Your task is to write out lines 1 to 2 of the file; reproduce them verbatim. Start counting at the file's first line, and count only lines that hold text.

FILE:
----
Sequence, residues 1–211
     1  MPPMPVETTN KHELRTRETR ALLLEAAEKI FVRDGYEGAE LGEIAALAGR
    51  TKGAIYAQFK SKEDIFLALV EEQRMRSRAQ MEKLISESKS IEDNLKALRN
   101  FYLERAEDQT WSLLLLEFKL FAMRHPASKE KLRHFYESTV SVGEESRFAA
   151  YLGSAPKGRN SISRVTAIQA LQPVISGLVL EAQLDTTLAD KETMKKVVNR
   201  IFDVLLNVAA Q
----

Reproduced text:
Sequence, residues 1–211
     1  MPPMPVETTN KHELRTRETR ALLLEAAEKI FVRDGYEGAE LGEIAALAGR